United States District Court, N.D. Texas, Dallas Division
ROBERTO BARRIENTOS a/k/a ROBERTO MARTINEZ, ID # 17044041, Petitioner,
LORIE DAVIS, Director, Texas Department of Criminal Justice, Correctional Institutions Division, Respondent.
FINDINGS, CONCLUSIONS, AND RECOMMENDATION
CARRILLO RAMIREZ UNITED STATES MAGISTRATE JUDGE
Special Order 3-251, this habeas case has been
automatically referred for findings, conclusions, and
recommendation. Based on the relevant findings and applicable
law, the habeas corpus petition should be
DISMISSED without prejudice for failure to
exhaust state court remedies.
Arnoldo Barrientos, aka Roberto Martinez, (Petitioner), an
inmate in the Texas Department of Criminal Justice (TDCJ)
Gurney Unit, filed a petition for writ of habeas corpus under
28 U.S.C. § 2254 that was received on February 21, 2018
(doc. 7). The respondent is Lorie Davis, Director of the
Texas Department of Criminal Justice (TDCJ), Correctional
Institutions Division (Respondent). He challenges his
conviction in Cause No. F14-00302 in Criminal District Court
No. 3 of Dallas County, Texas.
September 17, 2014, Petitioner was convicted of failure to
register as a sex offender and sentenced to seven years'
imprisonment. See www.dallascounty.org (search for
petitioner). The judgment was affirmed on appeal. See
Martinez v. State, No. 05-14-01238-CR, 2015 WL 6750812
(Tex. App. - Dallas Nov. 4, 2015). His petition for
discretionary review was refused on April 6, 2016. See
Martinez v. State, PD-1590-15 (Tex. Crim. App. Apr. 6,
2016). He did not file a state habeas corpus application.
See www.txcourts.gov (search for petitioner).
Petitioner filed a 28 U.S.C. § 2254 petition that was
dismissed because his claim of ineffective assistance of
counsel was not exhausted by his appeal and petition for
discretionary review, and he had not filed a state habeas
application. See Martinez v. Davis, No.
3:16-CV-2700-G (N.D. Tex. Oct. 11, 2016).
now asserts that he was erroneously referred to as a person
who does not follow the law and who creates victims, and that
the duty to register was based on wrongful convictions for
sexual offenses. (See doc. 7 at 13, 14.)
petitioner must fully exhaust state remedies before seeking
federal habeas relief. 28 U.S.C. § 2254(b). To exhaust
in accordance with § 2254, a petitioner must fairly
present the factual and legal basis of any claim to the
highest available state court for review prior to raising it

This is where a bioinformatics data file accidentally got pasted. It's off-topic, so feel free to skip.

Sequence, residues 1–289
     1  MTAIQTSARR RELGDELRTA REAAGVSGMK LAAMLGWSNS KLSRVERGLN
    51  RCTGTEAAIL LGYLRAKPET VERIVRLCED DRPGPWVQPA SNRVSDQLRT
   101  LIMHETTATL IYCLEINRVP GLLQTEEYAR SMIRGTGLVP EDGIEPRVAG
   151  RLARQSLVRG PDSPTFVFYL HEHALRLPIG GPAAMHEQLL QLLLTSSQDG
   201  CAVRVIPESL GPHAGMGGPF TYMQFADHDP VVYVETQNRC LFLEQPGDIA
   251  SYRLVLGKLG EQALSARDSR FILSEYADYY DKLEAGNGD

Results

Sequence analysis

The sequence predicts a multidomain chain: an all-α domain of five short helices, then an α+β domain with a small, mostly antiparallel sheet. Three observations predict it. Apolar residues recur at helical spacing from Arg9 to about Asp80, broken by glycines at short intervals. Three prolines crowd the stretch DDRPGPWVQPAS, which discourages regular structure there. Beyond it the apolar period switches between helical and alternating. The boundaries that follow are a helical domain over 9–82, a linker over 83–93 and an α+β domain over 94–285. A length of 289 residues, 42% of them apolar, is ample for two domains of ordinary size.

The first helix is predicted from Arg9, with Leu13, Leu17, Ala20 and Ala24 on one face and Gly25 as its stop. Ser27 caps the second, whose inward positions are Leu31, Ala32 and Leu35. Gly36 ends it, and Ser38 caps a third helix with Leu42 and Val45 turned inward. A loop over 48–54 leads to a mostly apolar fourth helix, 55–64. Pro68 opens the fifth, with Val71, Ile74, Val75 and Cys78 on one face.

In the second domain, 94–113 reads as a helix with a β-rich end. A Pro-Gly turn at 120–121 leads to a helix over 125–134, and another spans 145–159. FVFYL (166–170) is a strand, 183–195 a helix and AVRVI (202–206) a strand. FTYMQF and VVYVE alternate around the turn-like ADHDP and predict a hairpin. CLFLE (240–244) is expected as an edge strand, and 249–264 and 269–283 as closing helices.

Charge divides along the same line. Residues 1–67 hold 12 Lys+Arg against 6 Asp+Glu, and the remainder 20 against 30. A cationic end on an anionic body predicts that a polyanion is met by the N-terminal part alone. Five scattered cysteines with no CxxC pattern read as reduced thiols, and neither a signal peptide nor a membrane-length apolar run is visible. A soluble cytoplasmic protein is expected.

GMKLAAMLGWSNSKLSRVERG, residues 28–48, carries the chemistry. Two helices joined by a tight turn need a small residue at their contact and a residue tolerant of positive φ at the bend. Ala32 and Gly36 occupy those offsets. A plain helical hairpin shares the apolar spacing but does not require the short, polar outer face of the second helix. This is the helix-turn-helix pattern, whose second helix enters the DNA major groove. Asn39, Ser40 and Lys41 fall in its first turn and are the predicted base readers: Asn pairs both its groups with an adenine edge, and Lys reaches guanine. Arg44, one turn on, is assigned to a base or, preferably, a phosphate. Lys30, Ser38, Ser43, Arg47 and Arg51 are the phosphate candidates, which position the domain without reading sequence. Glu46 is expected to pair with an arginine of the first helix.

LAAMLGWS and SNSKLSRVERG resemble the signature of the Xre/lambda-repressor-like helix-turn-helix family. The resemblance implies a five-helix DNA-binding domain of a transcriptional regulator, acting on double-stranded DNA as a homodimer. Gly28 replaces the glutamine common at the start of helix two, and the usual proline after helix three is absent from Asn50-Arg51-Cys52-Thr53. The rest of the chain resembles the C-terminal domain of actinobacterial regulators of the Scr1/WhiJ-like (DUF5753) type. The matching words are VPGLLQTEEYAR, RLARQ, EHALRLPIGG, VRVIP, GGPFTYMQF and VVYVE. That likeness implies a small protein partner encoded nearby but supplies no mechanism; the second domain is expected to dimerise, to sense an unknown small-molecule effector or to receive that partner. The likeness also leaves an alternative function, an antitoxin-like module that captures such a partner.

in federal court. See Deters v. Collins, 985 F.2d
789, 795 (5th Cir. 1993); Richardson v. Procunier,
762 F.2d 429, 432 (5th Cir. 1985); Carter v.
Estelle, 677 F.2d 427, 443 (5th Cir. 1982). In Texas, a
prisoner must present the claim to the Texas Court of
Criminal Appeals in a petition for discretionary review (PDR)
or an application for writ of habeas corpus. See Bautista
v. McCotter, 793 F.2d 109, 110 (5th Cir. 1986);
Richardson, 762 F.2d at 432.
federal district court may raise the lack of exhaustion
sua sponte. Shute v. State, 117 F.3d 233,
237 (5th Cir. 1997). It is well-settled that federal courts
can dismiss without prejudice a federal petition for writ of
habeas corpus that contains unexhausted grounds for relief.
See Rose v. Lundy, 455 U.S. 509, 510 (1982). As a
matter of comity, the state courts must be given a fair
opportunity to hear and consider the claims raised by an
applicant before those claims are heard in federal court.
Picard v. Connor, 404 U.S. 270, 275 (1971).
Petitioner has not fairly presented the claims he raises in
his federal petition to the Court of Criminal Appeals. He did
not raise the claims on appeal. On appeal, he raised issues
concerning the State's objection to a question, the
appropriate felony degree of the offense, and the correct
name of defense counsel. See Martinez, 2015 WL
6750812. He has not filed a state habeas application. The
Court of Criminal Appeals has therefore not had an
opportunity to review the claims raised in his federal
petition. A ruling from the federal court at this juncture
would preempt the state court from performing its proper
function. See Rose, 455 U.S. at 518 (the exhaustion
requirement is “designed to protect the state
courts' role in the enforcement of federal law and
prevent the disruption of state judicial proceedings”).
Petitioner is not entitled to habeas corpus relief for
failure to exhaust his state remedies.
habeas corpus petition should be DISMISSED
without prejudice for failure to exhaust state court
FOR SERVICE AND NOTICE OF RIGHT TO
of these findings, conclusions and recommendation shall be
served on all parties in the manner provided by law. Any
party who objects to any part of these findings, conclusions
and recommendation must file specific written objections
within fourteen days after being served with a copy.
See 28 U.S.C. § 636(b)(1); Fed.R.Civ.P. 72(b).
In order to be specific, an objection must identify the
specific finding or recommendation to which objection is
made, state the basis for the objection, and specify the
place in the magistrate judge's findings, conclusions and
recommendation where the disputed determination is found. An
objection that merely incorporates by reference or refers to
the briefing before the magistrate judge is not specific.
Failure to file specific written objections will bar the
aggrieved party from appealing the factual ...